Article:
How to terminate a computation that runs in the `IO` monad?

Question

There is a library that provides a data type F and a function of type

ffoldlIO :: (b -> a -> IO b) -> b -> F a -> IO b

The function is similar to

foldlIO :: (b -> a -> IO b) -> b -> [a] -> IO b
foldlIO f a = \xs -> foldr (\x r (!a') -> f a' x >>= r) return xs a

I wonder whether foldlIO (and thus ffoldlIO) can run in a short-circuit fashion.

Consider this example:

example1 :: IO Int
example1 = foldlIO (\a x -> if a < 4 then return (a + x) else return a) 0 [1..5]

Here foldlIO traverses the entire list, but what if we throw an exception to stop the computation and then catch it? Something like this:

data Terminate = Terminate
  deriving (Show)

instance Exception Terminate

example2 :: IO Int
example2 = do
  ra <- newIORef 0
  let step a x
        | a' < 4    = return a'
        | otherwise = writeIORef ra a' >> throwIO Terminate
        where a' = a + x
  foldlIO step 0 [1..] `catch` \(_ :: Terminate) -> readIORef ra

Is this reliable? Is there a better way to terminate a computation that runs in the IO monad (and no other monad) or am I not supposed to do this at all?


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| haskell   | monads   | exception   | io   | short-circuiting   2016-12-13 14:12 2 Answers

Answers to How to terminate a computation that runs in the `IO` monad? ( 2 )

  1. 2016-12-13 15:12

    For example, you can use ContT monad transformer like this:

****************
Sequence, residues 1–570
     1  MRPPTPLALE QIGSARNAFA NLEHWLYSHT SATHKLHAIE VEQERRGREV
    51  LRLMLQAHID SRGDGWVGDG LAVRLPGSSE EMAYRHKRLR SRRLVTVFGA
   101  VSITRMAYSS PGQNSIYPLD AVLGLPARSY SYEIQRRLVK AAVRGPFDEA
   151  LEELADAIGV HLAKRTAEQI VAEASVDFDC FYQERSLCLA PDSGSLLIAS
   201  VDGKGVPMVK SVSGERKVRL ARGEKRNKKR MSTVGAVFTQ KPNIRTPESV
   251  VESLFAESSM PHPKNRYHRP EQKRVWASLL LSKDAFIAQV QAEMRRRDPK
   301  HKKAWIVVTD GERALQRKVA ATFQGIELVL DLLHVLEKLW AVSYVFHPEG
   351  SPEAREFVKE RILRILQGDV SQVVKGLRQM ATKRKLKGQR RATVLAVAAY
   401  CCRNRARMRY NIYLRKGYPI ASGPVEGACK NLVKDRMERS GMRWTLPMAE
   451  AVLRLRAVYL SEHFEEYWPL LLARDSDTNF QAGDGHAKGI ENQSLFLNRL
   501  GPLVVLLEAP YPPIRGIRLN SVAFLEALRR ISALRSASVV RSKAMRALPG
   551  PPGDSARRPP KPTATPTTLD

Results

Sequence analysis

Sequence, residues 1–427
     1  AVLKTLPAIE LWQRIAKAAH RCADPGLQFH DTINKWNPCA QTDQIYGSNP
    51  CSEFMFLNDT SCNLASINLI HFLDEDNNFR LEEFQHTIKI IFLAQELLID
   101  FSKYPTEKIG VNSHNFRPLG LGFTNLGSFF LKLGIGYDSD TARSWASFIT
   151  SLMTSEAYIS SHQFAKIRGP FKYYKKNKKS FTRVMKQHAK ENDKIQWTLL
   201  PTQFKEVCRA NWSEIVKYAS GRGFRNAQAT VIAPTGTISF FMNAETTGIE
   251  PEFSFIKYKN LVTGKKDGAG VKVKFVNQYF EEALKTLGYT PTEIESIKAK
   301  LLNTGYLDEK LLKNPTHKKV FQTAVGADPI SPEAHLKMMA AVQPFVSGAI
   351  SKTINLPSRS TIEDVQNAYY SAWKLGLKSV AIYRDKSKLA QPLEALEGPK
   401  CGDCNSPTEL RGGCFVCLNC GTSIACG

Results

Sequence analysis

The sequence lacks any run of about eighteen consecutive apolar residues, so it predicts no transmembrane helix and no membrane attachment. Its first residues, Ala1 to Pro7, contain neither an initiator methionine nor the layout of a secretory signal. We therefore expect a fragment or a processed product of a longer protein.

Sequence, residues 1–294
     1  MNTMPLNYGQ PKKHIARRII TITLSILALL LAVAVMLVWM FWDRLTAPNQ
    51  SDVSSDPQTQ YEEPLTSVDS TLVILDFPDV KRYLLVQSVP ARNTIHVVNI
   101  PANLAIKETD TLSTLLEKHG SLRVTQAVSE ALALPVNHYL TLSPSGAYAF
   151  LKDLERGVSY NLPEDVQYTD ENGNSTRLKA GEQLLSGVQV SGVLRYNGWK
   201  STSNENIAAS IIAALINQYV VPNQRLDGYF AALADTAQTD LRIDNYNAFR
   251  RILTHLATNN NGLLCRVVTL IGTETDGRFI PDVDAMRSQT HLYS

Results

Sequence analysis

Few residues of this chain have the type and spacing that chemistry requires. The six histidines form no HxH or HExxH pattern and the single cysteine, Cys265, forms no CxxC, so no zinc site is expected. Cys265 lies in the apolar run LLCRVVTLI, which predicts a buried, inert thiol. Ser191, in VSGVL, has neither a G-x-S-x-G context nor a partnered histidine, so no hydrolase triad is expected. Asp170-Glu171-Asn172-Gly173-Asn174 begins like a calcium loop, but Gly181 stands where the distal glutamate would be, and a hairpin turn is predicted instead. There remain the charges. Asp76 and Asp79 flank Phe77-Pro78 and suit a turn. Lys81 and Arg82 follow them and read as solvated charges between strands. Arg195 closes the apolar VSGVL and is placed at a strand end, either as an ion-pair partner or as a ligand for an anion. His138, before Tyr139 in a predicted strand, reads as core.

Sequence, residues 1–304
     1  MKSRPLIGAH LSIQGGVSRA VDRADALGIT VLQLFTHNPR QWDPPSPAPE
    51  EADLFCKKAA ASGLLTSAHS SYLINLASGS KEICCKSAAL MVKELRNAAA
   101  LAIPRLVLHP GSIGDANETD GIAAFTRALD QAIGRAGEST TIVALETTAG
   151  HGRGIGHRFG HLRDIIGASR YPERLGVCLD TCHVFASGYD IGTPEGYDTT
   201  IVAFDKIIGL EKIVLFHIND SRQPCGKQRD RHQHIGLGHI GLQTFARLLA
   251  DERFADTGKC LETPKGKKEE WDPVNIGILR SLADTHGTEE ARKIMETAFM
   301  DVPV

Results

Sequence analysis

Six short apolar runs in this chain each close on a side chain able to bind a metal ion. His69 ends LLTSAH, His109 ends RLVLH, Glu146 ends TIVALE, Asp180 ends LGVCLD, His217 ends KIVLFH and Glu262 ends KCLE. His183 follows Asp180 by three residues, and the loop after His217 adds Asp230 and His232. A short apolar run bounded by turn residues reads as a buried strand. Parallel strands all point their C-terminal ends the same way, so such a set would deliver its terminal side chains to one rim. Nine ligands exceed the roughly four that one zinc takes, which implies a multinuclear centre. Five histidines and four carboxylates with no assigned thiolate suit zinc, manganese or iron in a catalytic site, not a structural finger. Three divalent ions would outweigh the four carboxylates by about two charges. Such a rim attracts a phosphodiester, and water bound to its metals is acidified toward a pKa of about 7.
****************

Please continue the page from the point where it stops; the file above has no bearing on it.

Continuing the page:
example3 :: IO Int
    example3 = flip runContT return . callCC $ \exit -> do
        let step a x
                | a' < 4    = return a'
                | otherwise = exit a'
                where a' = a + x
        foldM step 0 [1..]
    

    Also, you can define you own version of foldM with posibility of termination.

    termFoldM :: (Monad m, Foldable t) =>
        ((b -> ContT b m c) -> b -> a -> ContT b m b) -> b -> t a -> m b
    termFoldM f a t = flip runContT return . callCC $ \exit -> foldM (f exit) a xs
    
    example4 :: IO Int
    example4 = termFoldM step 0 [1..]
      where
        step exit a x
            | a' < 4    = return a'
            | otherwise = exit a'
            where a' = a + x
    

    But this way (with ContT) has one problem. You can't easy do some IO actions. For example, this code will not be compiled, because step function must return value of type ContT Int IO Int not IO Int.

    let step a x
            | a' < 4    = putStrLn ("'a = " ++ show a') >> return a'
            | otherwise = exit a'
            where a' = a + x
    

    Fortunately, you can solve this by the lift function, like this:

    let step a x
            | a' < 4    = lift (putStrLn ("'a = " ++ show a')) >> return a'
            | otherwise = exit a'
            where a' = a + x
    
  2. 2016-12-13 17:12

    My first answer was not correct. So, I'll try to improve.


    I think that the use of exceptions to terminate in IO monad is not a hack but it does not look clean. I propose to define the instance MonadCont IO like this:

    data Terminate = forall a . Terminate a deriving (Typeable)
    instance Show Terminate where show = const "Terminate"
    instance Exception Terminate
    
    instance MonadCont IO where
        callCC f = f exit `catch` (\(Terminate x) -> return . unsafeCoerce $ x)
          where exit = throwIO . Terminate
    

    Then you can rewrite your example more cleaner.

    example :: IO Int
    example = callCC $ \exit -> do
        let step a x
                | a' < 4    = return a'
                | otherwise = exit a'
                where a' = a + x
        foldlIO step 0 [1..]
    

    Variant with IOREf.

    data Terminate = Terminate deriving (Show, Typeable)
    instance Exception Terminate
    
    instance MonadCont IO where
        callCC f = do
            ref <- newIORef undefined
            let exit a = writeIORef ref a >> throwIO Terminate
            f exit `catch` (\Terminate -> readIORef ref)
    

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